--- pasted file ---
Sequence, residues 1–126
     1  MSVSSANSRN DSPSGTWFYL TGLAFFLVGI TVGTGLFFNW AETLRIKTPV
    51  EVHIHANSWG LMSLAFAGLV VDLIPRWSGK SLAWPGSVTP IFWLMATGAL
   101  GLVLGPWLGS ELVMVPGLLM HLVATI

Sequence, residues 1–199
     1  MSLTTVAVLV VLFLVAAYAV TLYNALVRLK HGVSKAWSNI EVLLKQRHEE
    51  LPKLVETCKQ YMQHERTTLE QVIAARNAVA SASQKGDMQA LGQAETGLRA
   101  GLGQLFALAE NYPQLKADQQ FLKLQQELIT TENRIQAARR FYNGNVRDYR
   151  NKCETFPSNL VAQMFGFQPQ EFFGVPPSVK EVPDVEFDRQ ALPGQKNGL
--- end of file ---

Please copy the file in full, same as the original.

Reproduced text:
Sequence, residues 1–126
     1  MSVSSANSRN DSPSGTWFYL TGLAFFLVGI TVGTGLFFNW AETLRIKTPV
    51  EVHIHANSWG LMSLAFAGLV VDLIPRWSGK SLAWPGSVTP IFWLMATGAL
   101  GLVLGPWLGS ELVMVPGLLM HLVATI

Sequence, residues 1–199
     1  MSLTTVAVLV VLFLVAAYAV TLYNALVRLK HGVSKAWSNI EVLLKQRHEE
    51  LPKLVETCKQ YMQHERTTLE QVIAARNAVA SASQKGDMQA LGQAETGLRA
   101  GLGQLFALAE NYPQLKADQQ FLKLQQELIT TENRIQAARR FYNGNVRDYR
   151  NKCETFPSNL VAQMFGFQPQ EFFGVPPSVK EVPDVEFDRQ ALPGQKNGL